In November 2020, Norwegian Air filed for bankruptcy protection. The board of directors of the company today outlined a simplified business structure and no longer includes long haul.
Norwegian will no longer fly 787 aircraft
The entire Boeing 787-9 long Hell fleet of Norway has been put under fire since March 2020 due to travel restrictions as well as a general decline in demand. With future demand remaining highly uncertain, the company believes that a long haul network is no longer viable. That means Norwegian will no longer chase long haul flight, and will get rid of its Boeing 787.
Unfortunately, this also means that long-standing staff, primarily in Italy, France, Britain and the United States, have approached bankruptcy practitioners.
Norwegian states that it “will continue to assess profitable opportunities as the world adapts and recovers from the impact of COVID-19.” Given that the airline had not been making money on pre-coronaviruses flying for a long time, I have a hard time imagining that it would return.
Norway will dump its 787 fleet
Norwegian will focus on European network
With its newly simplified business structure, Norwegian will focus on its European functions. The hope is “to build a strong and solid company that will attract investors and continue to serve new and existing customers.”
The company will focus on its core Nordics business, specifically operating a short haul network with narrow body planes. Within Norway, the focus will be on major European destinations across and across the Nordics.
The plan is to serve these markets by 2021 with about 50 narrow body planes, and by 2022 to increase that number to about 70 narrow body planes.
Norwegian is aiming to reduce debt to around $ 20 billion, and to raise up to 4-5 billion in new capital through the issue of rights to current shareholders, a private placement and a hybrid instrument. The company has once again begun talks with the government of Norway about possible state involvement on the new business plan.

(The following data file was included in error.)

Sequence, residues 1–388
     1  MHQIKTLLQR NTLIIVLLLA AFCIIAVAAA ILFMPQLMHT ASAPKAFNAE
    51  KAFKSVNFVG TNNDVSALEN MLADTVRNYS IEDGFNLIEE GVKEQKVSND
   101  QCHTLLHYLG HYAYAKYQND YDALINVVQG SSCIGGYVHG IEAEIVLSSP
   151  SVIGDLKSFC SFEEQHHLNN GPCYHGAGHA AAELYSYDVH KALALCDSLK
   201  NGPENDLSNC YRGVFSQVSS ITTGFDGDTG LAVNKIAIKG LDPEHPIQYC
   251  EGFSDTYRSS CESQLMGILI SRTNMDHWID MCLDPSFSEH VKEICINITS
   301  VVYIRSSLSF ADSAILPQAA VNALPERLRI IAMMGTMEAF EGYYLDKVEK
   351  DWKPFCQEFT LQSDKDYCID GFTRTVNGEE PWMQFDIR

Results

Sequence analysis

Norwegian will focus on its European network
This development is inevitable but sad
I have two different techs here.
First, it is a sad development for consumers. Norwegian offered possibly the best passenger experience of any low-cost carrier across the Atlantic – the 787 was modern, had WiFi, and was a solid premium economy product. This was a real value-add for consumers across the Atlantic, too bad it was not equally beneficial to the company. 4
Even for those who did not actually fly with the Norwegian, there is no denying that the Norwegian contributed fares to the lower part of the Atlantic.
Then there is another point – Norway hangs with a thread. The airline was already struggling with the epidemic, and the company is on the verge of more liquidation than it can count. The ownership structure of the company has completely changed at this point, and the company has large scale debt.
So while it is a gloomy development, I think I have been hoping for months that the company cannot survive very well, let alone that it will conduct long haul flight.
Operating the 50–70 aircraft still seems optimistic, with a focus on the Nordic over the next few years, so we’ll see how that plays out.
787 Premium Economy of Norwegian Air
As part of its new business plan, Norwegian Air will abandon its long-term operations, and may even get rid of its 787s. It has not been nearly a year to these aircraft, and the airline knows that if it is going to survive, a long haul flight is not part of that business model. Instead Norway will focus on flying within Europe, with a particular focus on Norwegian.
Are you sad to see Norway take a long flight?